It wasn’t as idyllic as it sounds. Basquiat’s mother had severe mental health problems and was hospitalised when he was 13. He dropped out of high school at 15 and his father, a successful accountant and a political exile from François “Papa Doc” Duvalier’s Haiti, kicked him out of home. He wound up on the street in New York, where he quickly found favour – and fame – with a fast set of artists and celebrities. He was handsome; he was drop-dead cool; he lived fast and died young.
Today, Basquiat is the more famous of the two. An untitled 1982 painting of a grinning skull, which is in the NGV exhibition, was bought two years ago by Japanese billionaire art collector Yusaku Maezawa for $US110.5 million. It set a record for Basquiat prices, which was previously held by another untitled work bought by the same collector for $US57.3 million only a year earlier.
From the start, Basquiat triggered dramatic responses. An obituary of him written by the Australian critic Robert Hughes, published in The New Republic in 1988, was headlined “Requiem for a Featherweight”.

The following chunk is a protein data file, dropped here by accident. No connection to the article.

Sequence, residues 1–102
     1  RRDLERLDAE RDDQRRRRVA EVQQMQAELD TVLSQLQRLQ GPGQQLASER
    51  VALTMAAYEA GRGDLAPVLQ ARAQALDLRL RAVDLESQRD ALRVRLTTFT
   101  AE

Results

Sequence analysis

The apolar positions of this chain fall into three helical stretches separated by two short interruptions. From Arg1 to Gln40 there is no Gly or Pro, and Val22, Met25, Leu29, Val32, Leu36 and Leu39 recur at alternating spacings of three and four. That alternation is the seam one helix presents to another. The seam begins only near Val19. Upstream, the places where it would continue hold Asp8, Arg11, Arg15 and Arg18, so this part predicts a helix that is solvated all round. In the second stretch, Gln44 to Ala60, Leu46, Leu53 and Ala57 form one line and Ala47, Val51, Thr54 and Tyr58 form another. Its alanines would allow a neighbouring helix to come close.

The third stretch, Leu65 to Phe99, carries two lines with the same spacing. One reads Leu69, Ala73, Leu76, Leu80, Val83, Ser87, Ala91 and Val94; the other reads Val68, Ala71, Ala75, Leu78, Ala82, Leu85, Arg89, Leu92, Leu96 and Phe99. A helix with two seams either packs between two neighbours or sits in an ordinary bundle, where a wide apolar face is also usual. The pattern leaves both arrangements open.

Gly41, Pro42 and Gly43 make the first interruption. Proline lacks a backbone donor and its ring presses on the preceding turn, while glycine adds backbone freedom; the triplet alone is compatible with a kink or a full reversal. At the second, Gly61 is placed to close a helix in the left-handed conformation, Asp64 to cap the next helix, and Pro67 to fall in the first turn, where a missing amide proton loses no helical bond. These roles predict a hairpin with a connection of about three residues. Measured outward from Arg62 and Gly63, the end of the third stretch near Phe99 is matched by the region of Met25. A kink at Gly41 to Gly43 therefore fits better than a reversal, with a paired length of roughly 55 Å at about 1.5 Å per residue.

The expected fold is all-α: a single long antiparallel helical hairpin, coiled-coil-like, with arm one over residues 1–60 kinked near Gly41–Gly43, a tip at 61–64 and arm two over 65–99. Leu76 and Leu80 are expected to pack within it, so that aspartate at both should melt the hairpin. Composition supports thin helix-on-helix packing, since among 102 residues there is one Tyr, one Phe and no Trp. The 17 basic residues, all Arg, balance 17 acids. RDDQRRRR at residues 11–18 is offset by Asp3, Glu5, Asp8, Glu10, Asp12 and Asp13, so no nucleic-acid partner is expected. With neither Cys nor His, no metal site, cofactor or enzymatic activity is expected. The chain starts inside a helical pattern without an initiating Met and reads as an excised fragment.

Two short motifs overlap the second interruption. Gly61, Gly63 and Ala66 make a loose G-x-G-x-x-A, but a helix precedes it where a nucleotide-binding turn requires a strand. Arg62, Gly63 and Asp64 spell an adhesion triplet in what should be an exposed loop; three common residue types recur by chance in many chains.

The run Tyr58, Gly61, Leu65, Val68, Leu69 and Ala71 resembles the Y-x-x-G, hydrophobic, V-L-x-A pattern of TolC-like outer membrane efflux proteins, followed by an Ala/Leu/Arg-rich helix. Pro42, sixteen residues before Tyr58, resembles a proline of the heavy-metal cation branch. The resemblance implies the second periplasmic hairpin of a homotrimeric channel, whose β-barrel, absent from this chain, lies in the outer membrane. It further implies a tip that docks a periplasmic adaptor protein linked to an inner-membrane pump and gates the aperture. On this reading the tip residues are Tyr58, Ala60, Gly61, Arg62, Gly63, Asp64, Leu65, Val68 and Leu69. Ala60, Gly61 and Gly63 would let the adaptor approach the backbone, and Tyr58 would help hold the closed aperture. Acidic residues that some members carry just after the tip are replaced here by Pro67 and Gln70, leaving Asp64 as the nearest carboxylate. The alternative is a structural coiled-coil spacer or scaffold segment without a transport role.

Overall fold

“It was a tale of a small, untrained talent caught in the buzz saw of artworld promotion, absurdly overrated by dealers, collectors, and, no doubt to their future embarrassment, by critics,” Hughes wrote. “This was partly because Basquiat was black. The otherwise monochrome Late American Art Industry felt a need to refresh itself with a touch of the ‘primitive’ …
“In a saner culture than this one, the 20-year-old Basquiat might have gone off to four years of boot camp in art school, learned some real drawing abilities (as distinct from the pseudo-convulsive notation that was his trademark), and in general, acquired some of the disciplines and skills without which good art cannot be made. But these were the 1980s. And so he became a star.”
Peter Schjeldahl, Hughes’s contemporary and a magisterial voice in The New Yorker today, was a supporter of Basquiat then – to Hughes’s very public irritation – and remains one to this day. “In his brief best period, it seemed that Basquiat couldn’t make an ineloquent mark, even by accident; his way with color, banging strong hues off against predominant black, rarely failed,” Schjeldahl wrote a couple of years ago.
“His patent spontaneity and offhand sincerity made the works of other artists of his Neo-Expressionist generation seem forced and cynical by comparison, and the contrast has intensified with time, as the excitement of newness fades and the quality of authenticity strengthens.”